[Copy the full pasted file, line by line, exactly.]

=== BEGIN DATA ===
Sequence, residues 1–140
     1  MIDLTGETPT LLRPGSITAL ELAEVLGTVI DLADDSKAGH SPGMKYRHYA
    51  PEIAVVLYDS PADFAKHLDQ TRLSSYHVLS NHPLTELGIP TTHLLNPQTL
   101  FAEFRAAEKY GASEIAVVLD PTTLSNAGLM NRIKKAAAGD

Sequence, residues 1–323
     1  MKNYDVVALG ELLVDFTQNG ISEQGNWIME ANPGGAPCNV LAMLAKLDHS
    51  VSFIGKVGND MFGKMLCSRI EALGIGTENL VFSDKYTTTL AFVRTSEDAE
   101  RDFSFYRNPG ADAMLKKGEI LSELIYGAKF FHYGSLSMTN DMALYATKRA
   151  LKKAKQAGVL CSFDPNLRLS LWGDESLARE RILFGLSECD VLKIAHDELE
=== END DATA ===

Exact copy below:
Sequence, residues 1–140
     1  MIDLTGETPT LLRPGSITAL ELAEVLGTVI DLADDSKAGH SPGMKYRHYA
    51  PEIAVVLYDS PADFAKHLDQ TRLSSYHVLS NHPLTELGIP TTHLLNPQTL
   101  FAEFRAAEKY GASEIAVVLD PTTLSNAGLM NRIKKAAAGD

Sequence, residues 1–323
     1  MKNYDVVALG ELLVDFTQNG ISEQGNWIME ANPGGAPCNV LAMLAKLDHS
    51  VSFIGKVGND MFGKMLCSRI EALGIGTENL VFSDKYTTTL AFVRTSEDAE
   101  RDFSFYRNPG ADAMLKKGEI LSELIYGAKF FHYGSLSMTN DMALYATKRA
   151  LKKAKQAGVL CSFDPNLRLS LWGDESLARE RILFGLSECD VLKIAHDELE